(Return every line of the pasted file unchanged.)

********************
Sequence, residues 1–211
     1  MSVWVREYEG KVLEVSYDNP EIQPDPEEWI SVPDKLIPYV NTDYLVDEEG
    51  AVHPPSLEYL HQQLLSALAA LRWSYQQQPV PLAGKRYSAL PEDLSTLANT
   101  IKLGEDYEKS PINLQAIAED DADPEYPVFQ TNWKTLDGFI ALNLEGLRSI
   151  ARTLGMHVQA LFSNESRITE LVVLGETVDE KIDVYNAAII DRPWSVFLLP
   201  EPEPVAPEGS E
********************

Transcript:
Sequence, residues 1–211
     1  MSVWVREYEG KVLEVSYDNP EIQPDPEEWI SVPDKLIPYV NTDYLVDEEG
    51  AVHPPSLEYL HQQLLSALAA LRWSYQQQPV PLAGKRYSAL PEDLSTLANT
   101  IKLGEDYEKS PINLQAIAED DADPEYPVFQ TNWKTLDGFI ALNLEGLRSI
   151  ARTLGMHVQA LFSNESRITE LVVLGETVDE KIDVYNAAII DRPWSVFLLP
   201  EPEPVAPEGS E